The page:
A Day of Silent Irony

As many of you may know, this past Friday was recognized by many as a Day of Silence, which was created by the Gay, Lesbian, and Straight Education Network (GLSEN). This Day of Silence was intended as a way to acknowledge the bullying that LGBT students regularly endure; its observance was to be made by students remaining silent for all or a portion of the school day. In my mind there could be no more passive, peaceful, or effective way to bring attention to some of the most disgraceful behaviors exhibited in our modern society against many of its most vulnerable members.

I am very ashamed to say that, at one local school, this attempt failed due to what I can only suggest is a lack of leadership – and that is in fact the kindest term I can fathom.

At this high school, located just south of Greensboro, students had intended to recognize this day by making a single table available in the cafeteria, through all three lunch periods, at which any student who desired to show support and solidarity with their LGBT peers could sit in silence. This was not an unreasonable thing to request, and the administration could so easily have accommodated it. What actually happened was several things, the first of which was that at least one student misunderstood the observance of this event to be that all students would be required to participate in some period of silence. This student posted a rather vindictive polemic on social media which quickly turned into volleys of accusations, criticisms, and diatribes. Some of these were thoughtful and some were crass. The most hurtful came from those whose opinions were strongly opposed to even the existence of such an event, and whose prose was predictably couched in terms either religious or pseudo-scientific.
It is ironic in the extreme that an event which was designed to illuminate the problem of LGBT students being the recipients of bullying and abuse in fact brought about more of those same behaviors, for what occurred was nothing less than a cloud of threats and intimidation. And, I'm sad to say, the bigots and religious bullies won the day, for there was no table in the cafeteria, no overt support shown by the administration or the school system to these students, who, I must reiterate, are among the most vulnerable, abused, and neglected among us; these students were left, as usual, twisting in the howling winds of hate-speech. What makes this doubly shameful is that there were also a number of parents involved in shouting down this undeniably peaceful observance.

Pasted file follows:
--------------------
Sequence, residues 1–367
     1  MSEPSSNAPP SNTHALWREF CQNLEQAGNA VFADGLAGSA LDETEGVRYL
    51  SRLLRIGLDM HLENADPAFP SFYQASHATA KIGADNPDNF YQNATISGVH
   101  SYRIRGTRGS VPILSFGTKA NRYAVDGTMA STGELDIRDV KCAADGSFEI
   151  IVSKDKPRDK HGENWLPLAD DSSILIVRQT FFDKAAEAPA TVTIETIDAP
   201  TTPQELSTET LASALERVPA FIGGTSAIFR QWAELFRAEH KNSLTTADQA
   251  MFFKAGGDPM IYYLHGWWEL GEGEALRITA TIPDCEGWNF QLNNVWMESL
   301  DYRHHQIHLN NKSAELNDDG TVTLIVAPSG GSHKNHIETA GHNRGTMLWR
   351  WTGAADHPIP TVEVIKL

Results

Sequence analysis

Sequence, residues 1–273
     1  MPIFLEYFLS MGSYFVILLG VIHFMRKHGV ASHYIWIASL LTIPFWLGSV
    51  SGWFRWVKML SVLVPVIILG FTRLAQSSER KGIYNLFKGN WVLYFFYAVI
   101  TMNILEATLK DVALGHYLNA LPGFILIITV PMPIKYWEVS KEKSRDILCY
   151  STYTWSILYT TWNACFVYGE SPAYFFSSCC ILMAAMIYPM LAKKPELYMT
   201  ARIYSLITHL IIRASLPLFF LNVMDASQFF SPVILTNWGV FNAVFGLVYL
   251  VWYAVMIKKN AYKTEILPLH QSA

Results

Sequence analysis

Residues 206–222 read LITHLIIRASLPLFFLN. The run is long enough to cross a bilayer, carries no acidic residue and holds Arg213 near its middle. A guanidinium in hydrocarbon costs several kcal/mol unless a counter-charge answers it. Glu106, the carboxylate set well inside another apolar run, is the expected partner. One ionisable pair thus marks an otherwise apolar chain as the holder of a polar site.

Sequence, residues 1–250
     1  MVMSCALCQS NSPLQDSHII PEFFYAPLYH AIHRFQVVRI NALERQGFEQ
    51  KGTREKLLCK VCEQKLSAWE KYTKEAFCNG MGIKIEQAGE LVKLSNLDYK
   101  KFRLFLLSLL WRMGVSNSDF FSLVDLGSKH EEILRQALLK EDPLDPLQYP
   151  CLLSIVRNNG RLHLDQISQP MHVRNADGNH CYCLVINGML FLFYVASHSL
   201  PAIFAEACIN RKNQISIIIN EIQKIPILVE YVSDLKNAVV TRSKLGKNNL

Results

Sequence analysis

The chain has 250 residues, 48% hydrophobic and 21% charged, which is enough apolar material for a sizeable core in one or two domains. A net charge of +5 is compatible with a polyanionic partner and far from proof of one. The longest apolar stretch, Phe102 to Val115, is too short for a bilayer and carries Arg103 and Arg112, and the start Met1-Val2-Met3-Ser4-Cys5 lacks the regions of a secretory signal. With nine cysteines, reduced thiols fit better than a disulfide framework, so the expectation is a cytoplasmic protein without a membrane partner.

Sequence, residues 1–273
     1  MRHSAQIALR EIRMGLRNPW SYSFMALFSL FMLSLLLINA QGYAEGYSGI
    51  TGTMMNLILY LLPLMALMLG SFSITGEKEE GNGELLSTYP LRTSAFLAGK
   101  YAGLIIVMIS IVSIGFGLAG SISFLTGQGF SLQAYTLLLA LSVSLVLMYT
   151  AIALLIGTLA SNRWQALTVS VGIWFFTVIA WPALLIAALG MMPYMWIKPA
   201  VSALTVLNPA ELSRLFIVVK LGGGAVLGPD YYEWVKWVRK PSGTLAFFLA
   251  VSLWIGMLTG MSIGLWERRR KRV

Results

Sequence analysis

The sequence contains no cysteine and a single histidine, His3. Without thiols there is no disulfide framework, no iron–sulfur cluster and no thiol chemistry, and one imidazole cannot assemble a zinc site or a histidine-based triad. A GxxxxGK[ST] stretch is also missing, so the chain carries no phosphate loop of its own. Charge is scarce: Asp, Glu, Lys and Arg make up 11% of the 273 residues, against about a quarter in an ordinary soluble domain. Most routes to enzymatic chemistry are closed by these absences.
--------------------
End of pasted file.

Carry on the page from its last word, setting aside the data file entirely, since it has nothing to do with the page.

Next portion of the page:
We must ask the leadership at that school: do they dare to call themselves leaders if they are incapable of lifting up the least among us? I have said many times, very publicly in speech and in writing, that this school makes a strength of its diversity; I now feel somewhat naive and foolish having said that, for it seems plain to me that, to some, this term only applies to certain categories of diversity. When it comes to the tougher cases, those classes of our fellow humans who are vulnerable physically, mentally, and politically, it seems far less important to ensure that they are supported by the system, much less recognized. For my part, I am very much ashamed that this school could not summon the courage to support this worthwhile, peaceful, non-threatening, and entirely positive event. It is shameful both in terms of a failure of leadership, and also in the sense that the school should be reflective of the entirety of its community, not merely those with the loudest mouths or the biggest cudgels.

The school system provides buildings, meticulously-manicured fields, uniforms, and literally tens of thousands of dollars to support its sporting teams and other clubs and groups, but it can't even provide one single table for otherwise voiceless students during one single day of lunch? Just let that sink in for a minute – if you don't see an absurdity of epic proportions, then your senses of justice and fairness are sorely mis-calibrated.

The very silence of the polity. as evinced by their lack of positive support, spoke the loudest on that day - what a sad irony!